The basal plate is the compact, fleshy stem found in bulbs. It is the location where the new organs form on the bulb.

Meristems that form on the basal plate include those for vegetative and flowering stem, new buds that will form offsets, and the root system that arises as adventitious roots.

Each of the bulb scales used to store food reserves while the bulb is dormant also arise from the basal plate.

Illustration of a bulb cross-section with multiple parts identified. Parts illustrated are: tunic (outer bulb scale), main lateral bulblet, basal plate, adventitious roots, flower bud, foliage leaves, bulb scales, and lateral bulblets.

The basal plate is anatomically a stem although it has been so modified that it does not immediately resemble a stem.

However, it performs all of the functions of the stem found in most other plants.

It is the source of new vegetative and flowering buds.

Photo of the cross-section of a bulb with the flower axis, scales, and basal plate identified.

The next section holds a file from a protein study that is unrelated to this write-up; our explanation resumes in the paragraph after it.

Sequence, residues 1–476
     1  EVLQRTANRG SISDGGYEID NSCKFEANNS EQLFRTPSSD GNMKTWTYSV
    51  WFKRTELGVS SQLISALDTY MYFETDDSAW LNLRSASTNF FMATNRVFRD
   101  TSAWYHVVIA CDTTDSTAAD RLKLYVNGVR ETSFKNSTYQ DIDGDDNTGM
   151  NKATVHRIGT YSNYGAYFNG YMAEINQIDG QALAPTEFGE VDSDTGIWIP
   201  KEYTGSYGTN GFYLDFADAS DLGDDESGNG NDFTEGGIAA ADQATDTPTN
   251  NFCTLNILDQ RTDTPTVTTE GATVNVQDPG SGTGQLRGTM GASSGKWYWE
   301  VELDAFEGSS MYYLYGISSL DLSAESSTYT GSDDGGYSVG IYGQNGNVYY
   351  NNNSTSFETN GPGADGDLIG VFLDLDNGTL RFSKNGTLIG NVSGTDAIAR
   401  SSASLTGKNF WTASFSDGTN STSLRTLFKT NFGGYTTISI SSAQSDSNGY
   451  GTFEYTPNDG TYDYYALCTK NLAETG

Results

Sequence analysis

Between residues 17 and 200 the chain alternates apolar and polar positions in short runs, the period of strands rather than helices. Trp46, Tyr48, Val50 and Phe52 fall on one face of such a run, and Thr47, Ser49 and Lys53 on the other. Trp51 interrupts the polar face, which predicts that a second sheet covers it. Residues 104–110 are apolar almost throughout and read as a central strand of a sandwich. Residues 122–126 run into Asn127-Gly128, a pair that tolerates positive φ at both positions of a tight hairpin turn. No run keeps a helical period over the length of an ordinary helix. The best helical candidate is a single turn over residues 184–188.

The basal plate is visible through the paper covering on a tulip bulb.

With the papery cover removed, you can see that there are several bulblets developing from one side of the basal plate.

Photo of two tulip bulbs. The first has it's covering still on, with an arrow pointing out the basal plate. The second has the covering removed and an arrow pointing out bulblets developing from the basal plate.

Many species of Iris develop from rhizomes, but some use bulbs as their over wintering structure.

The iris to the right has a very textured outer tunica layer and very nicely illustrates that the basal plate is the location where the new vegetative and flower stem arises.

Note how the flower showing blue petals is already formed before the shoot emerges from the bulb.

Photo of an iris bulb cut in half to show meristem arising from the basal plate.

Here is a section of an iris bulb nicely showing a new vegetative and floral meristem arising from the basal plate (arrow).